More than 5000 Canberrans aged 30 to 39 have registered to be notified when COVID-19 vaccines become available to them, since the option to express interest opened on Wednesday morning.
The ACT government has taken the step in anticipation of an increase of Pfizer supply in two months' time, with the intention to make scheduling appointments for those thousands of people easier.
More than 5400 people had registered interest on Wednesday afternoon. A further 1000 people had requested a callback to register.
It is estimated there are about 71,000 people in that age group.
Registrations can be made on the My Digital Health Record website using a Medicare card, however people can't sign up online if they haven't used an ACT health service before.
Anyone who has received a new card but hasn't used it at a health service yet will also not be able to register online.
Anyone who can't register online will need to call, the wait time for the COVID-19 vaccination line was about 40 minutes on Wednesday morning.
ACT Health Minister Rachel Stephen-Smith once a MyDHR account was set up people would be required to complete a questionnaire and tick the box that they were in the 30 to 39 age group.
"All that information will be saved in the system," she said.
"Then, when we're ready to open appointments to that group we'll actually be able to proactively push out a text message to those people who have registered their interest, to say appointments are now open.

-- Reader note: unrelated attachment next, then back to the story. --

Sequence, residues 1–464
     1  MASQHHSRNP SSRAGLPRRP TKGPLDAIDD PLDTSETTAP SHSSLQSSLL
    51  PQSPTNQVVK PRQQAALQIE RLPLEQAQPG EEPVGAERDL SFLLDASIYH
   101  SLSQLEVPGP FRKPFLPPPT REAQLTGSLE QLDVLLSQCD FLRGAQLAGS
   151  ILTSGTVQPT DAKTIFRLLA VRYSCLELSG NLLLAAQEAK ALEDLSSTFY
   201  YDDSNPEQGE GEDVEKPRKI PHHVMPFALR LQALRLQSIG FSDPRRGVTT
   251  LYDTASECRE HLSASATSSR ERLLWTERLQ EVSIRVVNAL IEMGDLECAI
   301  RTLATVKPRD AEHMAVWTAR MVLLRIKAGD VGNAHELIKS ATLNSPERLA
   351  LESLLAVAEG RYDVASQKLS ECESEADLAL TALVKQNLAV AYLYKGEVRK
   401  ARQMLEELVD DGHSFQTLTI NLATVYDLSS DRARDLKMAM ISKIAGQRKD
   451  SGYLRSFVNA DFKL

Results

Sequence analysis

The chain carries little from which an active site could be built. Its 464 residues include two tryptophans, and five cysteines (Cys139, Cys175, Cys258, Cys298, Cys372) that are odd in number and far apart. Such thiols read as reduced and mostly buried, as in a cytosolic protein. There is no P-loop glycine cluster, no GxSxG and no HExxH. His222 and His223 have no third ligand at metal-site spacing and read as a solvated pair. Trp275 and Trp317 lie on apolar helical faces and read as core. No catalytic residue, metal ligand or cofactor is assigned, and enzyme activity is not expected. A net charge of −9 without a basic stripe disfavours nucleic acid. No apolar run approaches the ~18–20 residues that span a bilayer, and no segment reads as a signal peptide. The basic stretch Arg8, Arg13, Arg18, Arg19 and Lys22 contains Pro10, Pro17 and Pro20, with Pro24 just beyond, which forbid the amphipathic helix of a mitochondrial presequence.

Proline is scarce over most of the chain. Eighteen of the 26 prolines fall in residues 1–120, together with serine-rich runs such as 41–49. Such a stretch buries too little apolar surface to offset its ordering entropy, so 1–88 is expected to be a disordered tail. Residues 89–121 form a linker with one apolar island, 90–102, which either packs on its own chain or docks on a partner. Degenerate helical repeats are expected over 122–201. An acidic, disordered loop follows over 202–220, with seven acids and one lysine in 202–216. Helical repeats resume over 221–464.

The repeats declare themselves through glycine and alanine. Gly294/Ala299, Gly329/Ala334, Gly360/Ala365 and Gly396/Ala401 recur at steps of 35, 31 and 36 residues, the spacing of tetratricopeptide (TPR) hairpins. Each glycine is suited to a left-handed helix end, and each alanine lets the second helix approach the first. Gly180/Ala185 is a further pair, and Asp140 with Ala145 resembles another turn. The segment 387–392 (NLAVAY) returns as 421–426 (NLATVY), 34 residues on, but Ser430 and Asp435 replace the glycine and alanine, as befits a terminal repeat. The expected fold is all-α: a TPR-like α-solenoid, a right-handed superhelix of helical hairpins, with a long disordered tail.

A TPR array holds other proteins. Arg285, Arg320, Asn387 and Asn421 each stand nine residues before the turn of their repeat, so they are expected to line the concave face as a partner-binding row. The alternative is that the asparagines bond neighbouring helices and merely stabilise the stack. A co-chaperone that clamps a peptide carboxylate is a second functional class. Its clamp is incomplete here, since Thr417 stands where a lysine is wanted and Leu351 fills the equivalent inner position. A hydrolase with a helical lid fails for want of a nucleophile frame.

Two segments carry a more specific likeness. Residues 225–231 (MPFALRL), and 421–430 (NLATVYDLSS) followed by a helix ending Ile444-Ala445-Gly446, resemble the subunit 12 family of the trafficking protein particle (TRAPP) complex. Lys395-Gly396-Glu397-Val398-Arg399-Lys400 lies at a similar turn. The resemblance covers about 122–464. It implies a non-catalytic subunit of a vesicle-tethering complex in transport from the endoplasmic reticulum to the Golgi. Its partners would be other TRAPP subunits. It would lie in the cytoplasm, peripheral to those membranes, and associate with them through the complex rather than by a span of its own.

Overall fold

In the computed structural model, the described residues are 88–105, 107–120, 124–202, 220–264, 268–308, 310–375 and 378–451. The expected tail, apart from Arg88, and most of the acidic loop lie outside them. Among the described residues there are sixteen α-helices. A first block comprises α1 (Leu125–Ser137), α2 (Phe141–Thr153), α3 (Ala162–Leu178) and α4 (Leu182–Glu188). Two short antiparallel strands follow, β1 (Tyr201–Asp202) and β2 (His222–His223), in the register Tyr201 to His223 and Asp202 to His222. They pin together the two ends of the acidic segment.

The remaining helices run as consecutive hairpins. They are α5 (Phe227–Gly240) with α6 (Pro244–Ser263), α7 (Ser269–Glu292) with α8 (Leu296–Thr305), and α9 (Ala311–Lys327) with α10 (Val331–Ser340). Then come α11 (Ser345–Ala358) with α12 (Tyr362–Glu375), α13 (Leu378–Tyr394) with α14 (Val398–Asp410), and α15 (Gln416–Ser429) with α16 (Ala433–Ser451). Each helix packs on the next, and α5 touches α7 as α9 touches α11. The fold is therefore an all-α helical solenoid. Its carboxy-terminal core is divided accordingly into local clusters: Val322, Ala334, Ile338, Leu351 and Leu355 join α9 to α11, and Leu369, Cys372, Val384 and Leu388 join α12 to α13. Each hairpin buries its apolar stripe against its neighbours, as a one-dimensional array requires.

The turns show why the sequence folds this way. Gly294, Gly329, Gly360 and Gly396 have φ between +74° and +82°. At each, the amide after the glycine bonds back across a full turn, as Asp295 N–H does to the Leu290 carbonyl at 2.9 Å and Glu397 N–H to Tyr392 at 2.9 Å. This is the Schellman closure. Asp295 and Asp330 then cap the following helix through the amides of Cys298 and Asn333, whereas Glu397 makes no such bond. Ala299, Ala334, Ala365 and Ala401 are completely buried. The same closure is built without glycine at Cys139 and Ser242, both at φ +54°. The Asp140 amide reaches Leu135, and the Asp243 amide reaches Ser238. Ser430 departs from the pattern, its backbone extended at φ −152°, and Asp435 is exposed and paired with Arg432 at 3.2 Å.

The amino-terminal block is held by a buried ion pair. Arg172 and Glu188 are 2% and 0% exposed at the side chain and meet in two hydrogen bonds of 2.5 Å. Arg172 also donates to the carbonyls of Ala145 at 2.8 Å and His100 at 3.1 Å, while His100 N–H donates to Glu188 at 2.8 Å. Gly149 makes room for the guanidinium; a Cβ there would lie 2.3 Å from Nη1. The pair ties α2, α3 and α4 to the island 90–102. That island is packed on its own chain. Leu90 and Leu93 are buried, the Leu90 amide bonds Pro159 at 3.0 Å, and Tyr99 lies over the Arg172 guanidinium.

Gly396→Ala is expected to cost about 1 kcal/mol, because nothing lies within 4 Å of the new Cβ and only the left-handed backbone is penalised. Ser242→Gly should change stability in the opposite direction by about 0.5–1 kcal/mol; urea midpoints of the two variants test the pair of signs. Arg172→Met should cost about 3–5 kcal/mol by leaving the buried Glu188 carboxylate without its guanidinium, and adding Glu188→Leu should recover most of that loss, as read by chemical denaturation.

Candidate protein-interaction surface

"[You will] then be able to log straight back in and make an appointment."
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Ms Stephen-Smith said the territory had worked with Services Australia to update Medicare details in the ACT system.
"So, if you have previously received an ACT public health service and you are in our system, we should have the correct Medicare card details for you," she said.
Previously, the My Digital Health Record had to be updated after a number of Canberrans struggled to sign up when the rollout was opened to over-50s.
Already 12 per cent of 30 to 39-year-olds have been fully vaccinated and 17 per cent have had one dose.
People under 40 can't yet access Pfizer unless they are eligible in the first stages of the rollout due to their employment or because of a health condition.
In the ACT 5840 people under 40 have been vaccinated with AstraZeneca.
"It's about managing another 60,000 to 70,000 people becoming eligible for vaccination and we can get ahead of that and get everyone in the system, then it means more bookings can be made online, which is easier, and it means people aren't waiting on the phone or for a callback," he said.
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